What is it like to be Dyslexic for me?
It’s different for everyone depending on the environment. For me it’s a feeling of being very much alone with so much pent-up emotion waiting for a breakthrough, It’s like being at the bottom of a staircase in a wheelchair or with crutches and somehow you ARE going to climb those stairs. The best thing for me because I did indeed know I had Dyslexia, was to have the support of other Dyslexic people. To tell me that it’s ok to be slow, to be different, to use all the tools and help you can get. Sense Dyslexia is genetic for me this meant my mom has dyslexia and my grandpa had dyslexia. Which also meant that my mom could tell me her experience and help me with my experience.
Being in my shoes
For me I didn’t learn to read until I was 10, I would stumble along trying to read out loud sounding out each word. When my Mom told me that I could read silently to myself and skip over words I didn’t know, and read the context and go back and figure them out later. This was a big breakthrough for me, and I just took off reading. Being in a classroom there is so much pressure to keep up with the performance of other students, some get over this but I never did. A lot of the pressure is time pressure and teachers pushing “you got to get this done”. Sometimes a little extra nudge is needed, but mostly extra time is needed. And in order to not get overwhelmed by the amount of work I would block off the rest of the page (no matter what the subject is).
The struggles are real
Reading out loud is really stressful. If I am given a textbook or a lot of pages or any book really, it is very daunting and overwhelming and I will either fall way behind or drop off and then pick it back up again or give up altogether. A 5 or so page form or fill-in the blank paper that might take someone 20 min to an hour to fill out might take me 2-5 hours depending on what it is. I get fatigued or overwhelmed quite easily by the amount of saturation of work. I need more time. I lose focus easily. I get distracted easily.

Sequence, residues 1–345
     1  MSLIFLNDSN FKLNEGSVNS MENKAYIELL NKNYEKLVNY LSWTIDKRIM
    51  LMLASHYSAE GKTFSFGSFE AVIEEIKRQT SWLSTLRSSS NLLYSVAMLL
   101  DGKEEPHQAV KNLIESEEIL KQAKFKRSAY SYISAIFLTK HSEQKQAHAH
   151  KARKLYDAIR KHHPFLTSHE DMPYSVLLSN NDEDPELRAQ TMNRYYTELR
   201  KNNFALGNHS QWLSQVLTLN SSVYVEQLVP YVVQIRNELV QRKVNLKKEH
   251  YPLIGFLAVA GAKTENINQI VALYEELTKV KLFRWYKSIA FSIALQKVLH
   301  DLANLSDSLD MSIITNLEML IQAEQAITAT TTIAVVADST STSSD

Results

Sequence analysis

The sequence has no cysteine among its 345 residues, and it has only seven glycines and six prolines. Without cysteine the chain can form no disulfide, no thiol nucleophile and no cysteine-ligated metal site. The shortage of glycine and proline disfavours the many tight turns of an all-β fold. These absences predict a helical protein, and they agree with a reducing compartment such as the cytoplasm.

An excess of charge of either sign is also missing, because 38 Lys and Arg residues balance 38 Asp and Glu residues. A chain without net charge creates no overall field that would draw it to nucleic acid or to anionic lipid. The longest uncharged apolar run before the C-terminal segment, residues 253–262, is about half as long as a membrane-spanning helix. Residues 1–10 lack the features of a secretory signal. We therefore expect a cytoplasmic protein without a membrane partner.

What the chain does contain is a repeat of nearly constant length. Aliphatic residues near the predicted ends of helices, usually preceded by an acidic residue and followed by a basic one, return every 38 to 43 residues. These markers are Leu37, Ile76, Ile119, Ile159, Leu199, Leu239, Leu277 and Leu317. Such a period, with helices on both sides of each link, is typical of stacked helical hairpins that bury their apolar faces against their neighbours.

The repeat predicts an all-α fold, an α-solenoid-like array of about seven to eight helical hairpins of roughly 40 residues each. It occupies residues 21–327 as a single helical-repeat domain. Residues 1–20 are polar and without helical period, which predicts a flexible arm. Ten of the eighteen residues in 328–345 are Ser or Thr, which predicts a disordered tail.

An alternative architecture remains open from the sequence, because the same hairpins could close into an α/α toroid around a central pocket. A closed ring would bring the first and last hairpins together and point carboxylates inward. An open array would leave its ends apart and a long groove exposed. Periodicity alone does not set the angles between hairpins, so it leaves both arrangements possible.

My Dyslexia has its strengths too
Many Dyslexic people because of not using the left brain to its full potential or using it differently have a stronger right brain which means more visual and special. This is me, I am a Graphic Designer and I chose this path because it uses my strengths. I love drawing, painting, photography. Working with arranging home interiors or outfits. Working with my hands cooking, knitting, sewing, woodwork. These are my strengths, and it is different with everybody some people with Dyslexia might have an engineering tendency and like to build things (legos).
I have personally gone through so many programs. Each one has helped me a little with different aspects. The Texas Scottish Rite Dyslexia Program VHS videos were one of the first programs that I went through and I think it really helped me with dysgraphia and visual processing issues and some reading and spelling. Since that time their program has been updated.
I have been through so many programs I lost count and forgot what they all were, I was even in a special ed class for a while and did not like it one bit. It is not conducive to such a wide variety of learning disabilities and individuals. I think it is best if a person gets individualized personal one on one attention. And so after much research, we found that the Barton Reading & Spelling System is one of the best Orton-Gillingham based programs out there. Barton aims to take the guesswork out of reading and spelling. It does this by having students memorize rules and practice using them with real and nonsense words. Barton was created for students with dyslexia. It’s particularly good for students who have ongoing difficulty with spelling. Students must be able to tell the difference between sounds in spoken language to use Barton. Before they start the program, students are screened to ensure they have the basic skills they need to succeed. There are 10 levels in the program. All students start at the same level and follow the same, scripted teaching plan.